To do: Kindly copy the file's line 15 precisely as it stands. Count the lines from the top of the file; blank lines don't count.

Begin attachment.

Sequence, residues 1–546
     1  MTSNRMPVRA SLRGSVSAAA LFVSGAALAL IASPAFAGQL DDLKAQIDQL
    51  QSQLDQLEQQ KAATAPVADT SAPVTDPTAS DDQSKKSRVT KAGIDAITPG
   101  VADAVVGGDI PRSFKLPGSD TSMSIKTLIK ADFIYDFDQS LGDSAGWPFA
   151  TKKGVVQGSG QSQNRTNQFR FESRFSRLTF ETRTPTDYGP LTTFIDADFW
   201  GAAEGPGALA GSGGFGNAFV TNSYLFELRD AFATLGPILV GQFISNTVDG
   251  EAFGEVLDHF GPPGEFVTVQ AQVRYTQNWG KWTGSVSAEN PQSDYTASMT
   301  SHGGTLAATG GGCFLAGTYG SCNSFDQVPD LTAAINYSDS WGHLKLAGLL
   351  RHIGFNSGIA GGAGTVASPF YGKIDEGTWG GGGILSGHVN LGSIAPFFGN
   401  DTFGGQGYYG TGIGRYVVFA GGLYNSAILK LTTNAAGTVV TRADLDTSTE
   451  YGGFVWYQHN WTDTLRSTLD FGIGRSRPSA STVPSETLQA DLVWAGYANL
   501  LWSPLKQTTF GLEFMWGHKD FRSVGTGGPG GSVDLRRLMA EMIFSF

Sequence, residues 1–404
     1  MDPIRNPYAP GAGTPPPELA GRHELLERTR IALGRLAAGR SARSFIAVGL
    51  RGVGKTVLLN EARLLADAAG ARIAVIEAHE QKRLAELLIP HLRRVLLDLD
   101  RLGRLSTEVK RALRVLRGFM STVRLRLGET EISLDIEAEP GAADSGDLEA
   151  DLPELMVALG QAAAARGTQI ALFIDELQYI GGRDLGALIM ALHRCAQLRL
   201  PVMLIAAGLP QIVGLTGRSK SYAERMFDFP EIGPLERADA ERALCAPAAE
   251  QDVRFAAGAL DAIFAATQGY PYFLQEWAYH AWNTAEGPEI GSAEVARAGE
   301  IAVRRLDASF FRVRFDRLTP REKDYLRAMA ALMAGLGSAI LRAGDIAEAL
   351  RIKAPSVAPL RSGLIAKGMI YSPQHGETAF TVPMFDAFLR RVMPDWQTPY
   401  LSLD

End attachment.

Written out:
    51  RGVGKTVLLN EARLLADAAG ARIAVIEAHE QKRLAELLIP HLRRVLLDLD